The State of Journalism Today

“Journalism is dead.”

“Journalism is thriving online.”

“Journalism is devolving.”

“Journalism is changing.”

“There are no real journalists left.”

“The people are the modern day journalists.”

With so many contradictory and incompatible soundbites being thrown around about the same profession, one wouldn’t be blamed to concluded that the true state of journalism is a very schizoid beast these days.  Of course, a lot of the opinions thrown around concerning journalism (as a profession, and as a practice)  will depend on a person’s viewpoint.

People who prefer a more traditional, investigative approach to journalism (à la Bob Woodward and Carl Bernstein) will bemoan the talking head, opinionated turn journalism has taken.  24-hour news channels partially set us down the path of conditioning us to a more commercialized, on-demand source for our news consumption.  In contrast, true investigative journalism takes a lot of time and resources, especially if said journalists aims to uphold their work to a passable level of ethical responsibility (i.e. cross-reference sources, don’t force a narrative, forego personal biases when contradicted by facts, and don’t speak for the facts of the case but let the facts speak for themselves).  These are, of course, responsibilities that news channels often ignore.  That’s not to say that they do not/cannot employ or report solid investigative journalism on an individual basis, but that as for-profit institutions (who rely on investors and advertisers) their primary incentive cannot be said to lie with simply investigating (and, if need be, challenging) the truth of newsworthy cases–they lie with not upsetting the agencies and institutions that they depend on to pay the bills.

This is where the controversy surrounding retaining access comes into play.  News journalists want to be able to talk to newsworthy individuals.  By large, these individuals will be less willing to talk to journalists (and the networks/publications they represent) if they feel antagonized by them, which is why journalists have an incentive to mitigate this apprehension for the sake of the newsworthy individuals, so as to retain access to them throughout the course of their relevance in the news.  Such a setup makes it difficult to properly investigate or challenge people/events/organizations/authorities, at least to the point that it calls for to present a comprehensive, undiluted report to the public.  If Woodward and Bernstein had been concerned with having access to President Nixon, and the other perpetrators of the Watergate scandal, the presentation of the facts in that case might have been much softer to the public, than the truth of the high-level criminal act (on the part of Nixon and his accomplices) that it was shown to be.  This is why access journalism has to, by its nature, be conservative (that’s small “c” conservative, meaning an interest in the continuity of current institutional structures, not necessarily a right-wing political leaning).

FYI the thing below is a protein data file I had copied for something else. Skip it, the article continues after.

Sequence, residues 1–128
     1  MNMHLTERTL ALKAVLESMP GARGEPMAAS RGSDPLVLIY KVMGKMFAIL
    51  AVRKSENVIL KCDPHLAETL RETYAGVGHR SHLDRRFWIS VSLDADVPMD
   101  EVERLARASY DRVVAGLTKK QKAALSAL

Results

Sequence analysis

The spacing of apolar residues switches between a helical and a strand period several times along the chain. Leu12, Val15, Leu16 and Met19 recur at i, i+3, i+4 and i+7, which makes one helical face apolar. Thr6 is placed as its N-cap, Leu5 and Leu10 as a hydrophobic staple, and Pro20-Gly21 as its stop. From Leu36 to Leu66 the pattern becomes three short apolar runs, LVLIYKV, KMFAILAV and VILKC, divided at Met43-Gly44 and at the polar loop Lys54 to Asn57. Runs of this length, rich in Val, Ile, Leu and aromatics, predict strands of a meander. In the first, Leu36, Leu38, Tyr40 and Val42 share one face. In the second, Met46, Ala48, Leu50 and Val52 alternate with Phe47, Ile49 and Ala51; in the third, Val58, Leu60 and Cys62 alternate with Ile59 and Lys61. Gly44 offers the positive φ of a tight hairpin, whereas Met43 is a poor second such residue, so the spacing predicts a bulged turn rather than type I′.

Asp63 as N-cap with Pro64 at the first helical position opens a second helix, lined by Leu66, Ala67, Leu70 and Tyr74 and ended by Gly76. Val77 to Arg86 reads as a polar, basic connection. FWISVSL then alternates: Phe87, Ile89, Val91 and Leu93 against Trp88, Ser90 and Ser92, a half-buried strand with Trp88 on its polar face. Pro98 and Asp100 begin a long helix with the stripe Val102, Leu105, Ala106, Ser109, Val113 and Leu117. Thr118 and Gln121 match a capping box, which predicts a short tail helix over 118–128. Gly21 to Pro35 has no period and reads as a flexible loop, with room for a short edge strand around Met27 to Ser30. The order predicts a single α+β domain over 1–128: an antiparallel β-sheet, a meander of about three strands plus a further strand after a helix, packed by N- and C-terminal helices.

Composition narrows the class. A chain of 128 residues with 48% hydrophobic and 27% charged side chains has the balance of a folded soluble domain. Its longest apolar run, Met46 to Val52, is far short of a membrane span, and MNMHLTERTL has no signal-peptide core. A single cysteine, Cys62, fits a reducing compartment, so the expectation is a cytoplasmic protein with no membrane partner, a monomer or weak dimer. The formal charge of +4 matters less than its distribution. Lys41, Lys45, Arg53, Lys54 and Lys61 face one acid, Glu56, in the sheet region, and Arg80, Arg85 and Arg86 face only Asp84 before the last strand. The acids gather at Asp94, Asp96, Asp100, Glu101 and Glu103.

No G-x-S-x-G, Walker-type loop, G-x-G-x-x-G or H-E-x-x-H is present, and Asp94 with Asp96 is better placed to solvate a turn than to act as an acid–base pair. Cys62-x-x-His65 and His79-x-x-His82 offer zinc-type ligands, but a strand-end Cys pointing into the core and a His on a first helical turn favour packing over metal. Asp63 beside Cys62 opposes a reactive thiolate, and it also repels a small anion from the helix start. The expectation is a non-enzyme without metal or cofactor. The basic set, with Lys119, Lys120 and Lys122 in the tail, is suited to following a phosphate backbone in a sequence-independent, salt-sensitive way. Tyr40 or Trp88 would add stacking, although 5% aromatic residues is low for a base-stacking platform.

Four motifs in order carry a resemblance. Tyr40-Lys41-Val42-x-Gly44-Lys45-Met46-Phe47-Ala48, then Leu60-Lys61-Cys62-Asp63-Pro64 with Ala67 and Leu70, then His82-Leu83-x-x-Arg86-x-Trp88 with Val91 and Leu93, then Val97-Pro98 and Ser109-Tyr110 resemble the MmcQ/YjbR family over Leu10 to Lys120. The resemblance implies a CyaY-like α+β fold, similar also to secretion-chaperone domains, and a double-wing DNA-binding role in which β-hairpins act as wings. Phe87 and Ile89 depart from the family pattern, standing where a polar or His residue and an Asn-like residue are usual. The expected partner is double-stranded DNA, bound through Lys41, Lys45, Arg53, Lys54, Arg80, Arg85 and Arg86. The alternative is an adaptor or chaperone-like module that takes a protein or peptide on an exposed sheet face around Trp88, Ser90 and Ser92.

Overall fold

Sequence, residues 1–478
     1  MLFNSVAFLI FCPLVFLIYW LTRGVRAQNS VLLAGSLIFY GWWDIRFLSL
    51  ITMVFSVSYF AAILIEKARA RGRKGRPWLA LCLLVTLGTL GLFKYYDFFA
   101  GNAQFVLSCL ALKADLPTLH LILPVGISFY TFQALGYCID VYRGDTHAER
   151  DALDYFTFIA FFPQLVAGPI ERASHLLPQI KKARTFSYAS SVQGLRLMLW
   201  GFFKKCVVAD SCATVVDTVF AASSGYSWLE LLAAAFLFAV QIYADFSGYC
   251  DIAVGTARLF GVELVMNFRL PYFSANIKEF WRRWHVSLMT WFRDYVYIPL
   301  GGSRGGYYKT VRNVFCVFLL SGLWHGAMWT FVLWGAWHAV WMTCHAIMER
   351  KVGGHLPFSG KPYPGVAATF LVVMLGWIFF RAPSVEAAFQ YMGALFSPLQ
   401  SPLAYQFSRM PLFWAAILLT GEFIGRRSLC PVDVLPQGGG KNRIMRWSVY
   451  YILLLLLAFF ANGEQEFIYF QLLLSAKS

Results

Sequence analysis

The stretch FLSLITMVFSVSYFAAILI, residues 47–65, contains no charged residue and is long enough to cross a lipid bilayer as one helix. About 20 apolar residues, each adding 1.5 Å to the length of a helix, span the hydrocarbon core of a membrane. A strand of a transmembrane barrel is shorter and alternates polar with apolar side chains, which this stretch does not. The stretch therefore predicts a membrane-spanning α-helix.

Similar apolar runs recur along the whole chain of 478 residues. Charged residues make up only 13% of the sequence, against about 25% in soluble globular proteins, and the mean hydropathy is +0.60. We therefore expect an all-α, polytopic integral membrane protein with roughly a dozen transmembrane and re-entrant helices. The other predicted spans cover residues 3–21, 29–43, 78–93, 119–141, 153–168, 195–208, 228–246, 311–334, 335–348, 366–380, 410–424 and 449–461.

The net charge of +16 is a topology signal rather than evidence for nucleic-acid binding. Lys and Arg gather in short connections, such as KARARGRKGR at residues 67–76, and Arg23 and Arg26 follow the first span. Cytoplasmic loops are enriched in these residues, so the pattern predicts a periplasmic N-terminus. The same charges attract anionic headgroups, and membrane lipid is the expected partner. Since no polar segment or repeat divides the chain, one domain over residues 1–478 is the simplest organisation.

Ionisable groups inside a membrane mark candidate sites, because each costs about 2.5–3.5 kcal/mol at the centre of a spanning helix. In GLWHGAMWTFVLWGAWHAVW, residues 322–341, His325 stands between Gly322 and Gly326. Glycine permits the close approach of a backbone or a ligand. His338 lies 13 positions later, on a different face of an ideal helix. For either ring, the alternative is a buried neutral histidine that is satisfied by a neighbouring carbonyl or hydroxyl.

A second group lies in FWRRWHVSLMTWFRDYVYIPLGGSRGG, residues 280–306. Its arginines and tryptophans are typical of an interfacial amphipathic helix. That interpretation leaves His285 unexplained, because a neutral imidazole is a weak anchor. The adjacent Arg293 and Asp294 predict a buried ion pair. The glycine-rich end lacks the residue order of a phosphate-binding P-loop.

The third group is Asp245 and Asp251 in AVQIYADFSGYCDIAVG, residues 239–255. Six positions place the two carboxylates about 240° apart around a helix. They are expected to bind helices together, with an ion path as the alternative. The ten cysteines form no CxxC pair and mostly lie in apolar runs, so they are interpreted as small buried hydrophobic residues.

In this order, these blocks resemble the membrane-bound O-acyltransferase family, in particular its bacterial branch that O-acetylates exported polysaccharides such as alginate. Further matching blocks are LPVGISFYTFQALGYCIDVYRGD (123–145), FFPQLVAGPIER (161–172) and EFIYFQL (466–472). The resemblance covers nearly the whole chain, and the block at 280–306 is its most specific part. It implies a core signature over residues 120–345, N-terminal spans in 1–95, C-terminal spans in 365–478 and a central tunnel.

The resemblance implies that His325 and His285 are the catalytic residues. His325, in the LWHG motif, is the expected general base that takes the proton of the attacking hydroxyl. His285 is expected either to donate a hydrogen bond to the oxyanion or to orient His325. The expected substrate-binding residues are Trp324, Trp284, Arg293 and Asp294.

The advent of exclusively online news sources (bloggers, vloggers, YouTubers, and just online personalities and commentators in general), has been described as a reaction against this kind of access journalism.  Some even consider it a return to the more robust form of journalism, because it gives voice and power directly to the people, without first being filtered through advertisers, agencies, and corporate structures.  However, there is an obvious flaw with this model, too.  Namely, “the people” aspect.